Adiposity in childhood affects the risk of breast cancer by changing breast tissue composition, study suggests


Adiposity in childhood affects the risk of breast cancer by changing breast tissue composition, study suggests
Flow diagram of relationships between traits investigated in this study. Credit: Nature Communications (2024). DOI: 10.1038/s41467-024-48105-7

Breast cancer is the most common cancer in women worldwide. With rates continuing to rise, there is an urgent need to identify new modifiable breast cancer risk factors. New research led by the University of Bristol suggests that higher adiposity in childhood leads to less dense breast tissue forming, which results in a reduced breast cancer risk. However, further research is needed to understand the mechanism of the overall protective effect of childhood adiposity to identify new targets for intervention and prevention.

The study, published in Nature Communications, explored the unexplained protective effect of higher body size in childhood on breast cancer risk using Mendelian randomization, to examine the connections between body size in childhood and adulthood, puberty onset timing, breast tissue density, and breast cancer risk.

The research team looked in more detail at one of the most plausible connections—breast tissue density. Higher breast density, measured with a mammogram, is an established risk factor for breast cancer, and is known to be affected by body size.

When a mammogram shows dense breast tissue, it means there’s a higher proportion of glandular or fibrous tissue compared to fatty tissue. Conversely, when breast tissue is less dense, there’s more fatty tissue relative to glandular or fibrous tissue.

There is growing evidence that adiposity in childhood can lead to various adult diseases. However, in the case of breast cancer risk, observational epidemiological studies, and more recently studies that used genetic data, have shown that higher body size in childhood decreases the risk of developing this disease.

The researchers used data from genome-wide association studies (GWAS) and Mendelian Randomization analysis. They were able to demonstrate that over 50% of the protective effect that higher childhood body size has on breast cancer risk is explained by the changes in dense breast tissue.

The research team suggest that a higher body size in childhood, around the start of puberty, leads to less dense tissue forming in the breast. The dense area is the part of the breast (glandular and fibrous tissue) where cancer normally develops.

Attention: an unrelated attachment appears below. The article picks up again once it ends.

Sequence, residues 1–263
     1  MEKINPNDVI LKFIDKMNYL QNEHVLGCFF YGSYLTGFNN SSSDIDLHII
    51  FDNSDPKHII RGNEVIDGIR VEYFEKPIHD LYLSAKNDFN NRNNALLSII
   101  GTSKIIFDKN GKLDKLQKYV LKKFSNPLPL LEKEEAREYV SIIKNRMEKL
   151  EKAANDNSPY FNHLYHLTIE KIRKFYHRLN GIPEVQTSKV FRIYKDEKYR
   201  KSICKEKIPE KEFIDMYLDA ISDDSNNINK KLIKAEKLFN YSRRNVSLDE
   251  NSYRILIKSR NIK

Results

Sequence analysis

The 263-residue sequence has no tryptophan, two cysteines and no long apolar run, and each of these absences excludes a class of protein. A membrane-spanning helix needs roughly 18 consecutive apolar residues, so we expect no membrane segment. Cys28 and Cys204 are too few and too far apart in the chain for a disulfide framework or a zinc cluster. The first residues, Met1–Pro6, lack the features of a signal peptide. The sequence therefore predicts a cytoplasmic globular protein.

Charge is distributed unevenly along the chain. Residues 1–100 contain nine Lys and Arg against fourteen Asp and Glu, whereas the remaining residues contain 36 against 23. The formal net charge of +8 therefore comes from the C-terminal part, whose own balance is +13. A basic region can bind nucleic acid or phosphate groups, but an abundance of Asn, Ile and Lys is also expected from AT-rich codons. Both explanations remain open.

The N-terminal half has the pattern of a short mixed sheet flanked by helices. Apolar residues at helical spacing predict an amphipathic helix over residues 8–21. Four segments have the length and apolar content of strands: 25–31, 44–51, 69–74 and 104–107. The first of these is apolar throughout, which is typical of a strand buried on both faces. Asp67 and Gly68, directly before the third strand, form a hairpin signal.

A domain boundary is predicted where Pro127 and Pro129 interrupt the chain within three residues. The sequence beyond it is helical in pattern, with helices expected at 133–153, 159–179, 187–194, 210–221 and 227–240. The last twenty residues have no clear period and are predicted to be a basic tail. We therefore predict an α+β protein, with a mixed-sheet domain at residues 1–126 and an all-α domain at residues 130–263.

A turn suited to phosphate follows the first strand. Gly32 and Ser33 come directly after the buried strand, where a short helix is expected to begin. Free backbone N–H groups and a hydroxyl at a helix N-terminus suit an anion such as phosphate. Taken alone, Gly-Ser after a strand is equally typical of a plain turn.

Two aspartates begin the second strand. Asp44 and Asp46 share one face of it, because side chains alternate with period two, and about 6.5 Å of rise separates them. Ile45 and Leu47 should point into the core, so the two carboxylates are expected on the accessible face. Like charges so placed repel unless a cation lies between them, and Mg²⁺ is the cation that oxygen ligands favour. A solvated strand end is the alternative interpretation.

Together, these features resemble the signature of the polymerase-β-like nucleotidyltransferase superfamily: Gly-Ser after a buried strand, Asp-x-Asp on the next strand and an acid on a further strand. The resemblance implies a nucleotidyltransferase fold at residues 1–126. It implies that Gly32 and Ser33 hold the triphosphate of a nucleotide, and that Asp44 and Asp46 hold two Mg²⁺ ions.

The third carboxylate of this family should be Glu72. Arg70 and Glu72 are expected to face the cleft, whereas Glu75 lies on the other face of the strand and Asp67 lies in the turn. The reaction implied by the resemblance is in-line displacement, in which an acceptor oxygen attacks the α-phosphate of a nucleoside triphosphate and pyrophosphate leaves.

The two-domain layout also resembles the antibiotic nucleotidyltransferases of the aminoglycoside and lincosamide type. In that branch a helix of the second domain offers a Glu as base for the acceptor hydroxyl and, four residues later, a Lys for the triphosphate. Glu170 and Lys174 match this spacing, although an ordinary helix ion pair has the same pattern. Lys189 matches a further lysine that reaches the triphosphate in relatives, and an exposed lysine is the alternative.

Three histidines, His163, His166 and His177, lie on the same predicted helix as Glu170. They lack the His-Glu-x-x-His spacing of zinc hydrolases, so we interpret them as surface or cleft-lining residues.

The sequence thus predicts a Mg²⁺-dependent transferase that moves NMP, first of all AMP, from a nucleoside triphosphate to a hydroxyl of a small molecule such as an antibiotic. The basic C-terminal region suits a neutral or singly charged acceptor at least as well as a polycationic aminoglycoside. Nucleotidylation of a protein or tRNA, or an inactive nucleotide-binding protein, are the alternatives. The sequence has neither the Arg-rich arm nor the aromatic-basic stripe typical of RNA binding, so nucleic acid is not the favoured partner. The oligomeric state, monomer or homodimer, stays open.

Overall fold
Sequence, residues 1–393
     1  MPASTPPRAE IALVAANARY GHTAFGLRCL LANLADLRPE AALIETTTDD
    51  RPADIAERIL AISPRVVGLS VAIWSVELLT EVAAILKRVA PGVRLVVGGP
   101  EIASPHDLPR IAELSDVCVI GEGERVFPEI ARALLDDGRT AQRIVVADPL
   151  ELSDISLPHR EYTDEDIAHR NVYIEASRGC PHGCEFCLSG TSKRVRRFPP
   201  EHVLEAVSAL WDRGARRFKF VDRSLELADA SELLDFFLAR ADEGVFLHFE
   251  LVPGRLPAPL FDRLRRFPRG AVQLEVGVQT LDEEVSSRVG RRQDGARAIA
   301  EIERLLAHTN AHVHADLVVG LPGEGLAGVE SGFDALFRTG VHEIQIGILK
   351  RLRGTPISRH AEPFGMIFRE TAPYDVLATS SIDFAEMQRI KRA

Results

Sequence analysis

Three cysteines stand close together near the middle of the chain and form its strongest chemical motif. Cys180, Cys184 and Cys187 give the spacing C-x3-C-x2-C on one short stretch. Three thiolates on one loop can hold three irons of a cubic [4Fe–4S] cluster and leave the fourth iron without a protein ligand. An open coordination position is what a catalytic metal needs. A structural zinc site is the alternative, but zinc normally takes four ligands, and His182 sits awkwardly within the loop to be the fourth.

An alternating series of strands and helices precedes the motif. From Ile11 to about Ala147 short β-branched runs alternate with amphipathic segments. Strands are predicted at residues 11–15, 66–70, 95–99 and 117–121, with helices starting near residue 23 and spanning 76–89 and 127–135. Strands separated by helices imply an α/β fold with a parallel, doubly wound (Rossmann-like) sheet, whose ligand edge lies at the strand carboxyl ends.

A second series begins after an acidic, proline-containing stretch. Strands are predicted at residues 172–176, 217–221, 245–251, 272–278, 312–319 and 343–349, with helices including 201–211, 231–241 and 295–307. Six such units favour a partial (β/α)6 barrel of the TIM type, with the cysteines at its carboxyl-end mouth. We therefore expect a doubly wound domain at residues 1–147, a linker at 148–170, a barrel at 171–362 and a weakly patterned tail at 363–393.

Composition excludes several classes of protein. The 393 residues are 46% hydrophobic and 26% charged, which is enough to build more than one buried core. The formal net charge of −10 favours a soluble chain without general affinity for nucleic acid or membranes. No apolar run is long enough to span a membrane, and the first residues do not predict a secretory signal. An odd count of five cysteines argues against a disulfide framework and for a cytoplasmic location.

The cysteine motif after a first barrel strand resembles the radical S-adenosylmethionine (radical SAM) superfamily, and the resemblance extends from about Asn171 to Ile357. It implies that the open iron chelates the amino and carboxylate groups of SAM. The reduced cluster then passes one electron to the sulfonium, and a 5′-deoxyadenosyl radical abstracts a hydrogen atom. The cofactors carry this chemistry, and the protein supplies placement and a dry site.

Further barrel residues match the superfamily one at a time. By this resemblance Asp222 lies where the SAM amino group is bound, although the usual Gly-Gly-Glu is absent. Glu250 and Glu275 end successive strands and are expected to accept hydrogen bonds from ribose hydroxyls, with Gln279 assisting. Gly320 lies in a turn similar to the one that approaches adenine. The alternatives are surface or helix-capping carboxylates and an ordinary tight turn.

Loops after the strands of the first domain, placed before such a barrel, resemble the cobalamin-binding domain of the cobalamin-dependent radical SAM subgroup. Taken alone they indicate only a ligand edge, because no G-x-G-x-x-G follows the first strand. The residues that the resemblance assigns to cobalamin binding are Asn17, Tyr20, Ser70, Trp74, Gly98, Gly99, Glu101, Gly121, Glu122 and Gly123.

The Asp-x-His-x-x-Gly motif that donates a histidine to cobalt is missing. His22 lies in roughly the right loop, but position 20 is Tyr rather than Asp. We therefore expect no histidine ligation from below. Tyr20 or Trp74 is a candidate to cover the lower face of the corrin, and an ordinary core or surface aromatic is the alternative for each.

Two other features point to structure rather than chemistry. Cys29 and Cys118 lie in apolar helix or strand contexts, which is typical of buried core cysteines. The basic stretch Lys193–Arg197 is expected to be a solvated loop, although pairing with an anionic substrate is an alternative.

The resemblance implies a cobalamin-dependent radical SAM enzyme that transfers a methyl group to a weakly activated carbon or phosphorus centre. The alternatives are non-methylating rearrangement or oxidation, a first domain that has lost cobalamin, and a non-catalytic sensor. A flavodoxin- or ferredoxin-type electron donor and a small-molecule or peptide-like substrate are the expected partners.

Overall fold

Having less dense area in the breast subsequently leads to a reduced breast cancer risk in adulthood. This is the proposed mechanism by which higher childhood body size decreases breast cancer risk. However, the biological mechanism/pathway is more complex than this, and identifying smaller steps in this process using genetic data is a part of uncovering the basis of this unexplained causal relationship.

Dr. Marina Vabistsevits from the University of Bristol’s MRC Integrative Epidemiology Unit (MRC IEU) and Bristol Medical School: Population Health Sciences (PHS), and corresponding authors, said, “Studying the mechanism of childhood adiposity protective effect is important, as weight gain in childhood cannot be considered to be a preventative measure for breast cancer.

“Investigating how this overall ‘protection’ works is crucial to understand the underlying mechanisms leading to and preventing cancer, as it might help identify new targets for intervention and prevention.”

The study was possible thanks to a collaboration with Icahn School of Medicine at Mount Sinai and Kaiser Permanente Northern California, US, who shared invaluable mammographic density data for this project.

More information:
Marina Vabistsevits et al, Mammographic density mediates the protective effect of early-life body size on breast cancer risk, Nature Communications (2024). DOI: 10.1038/s41467-024-48105-7

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University of Bristol


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Adiposity in childhood affects the risk of breast cancer by changing breast tissue composition, study suggests (2024, May 14)

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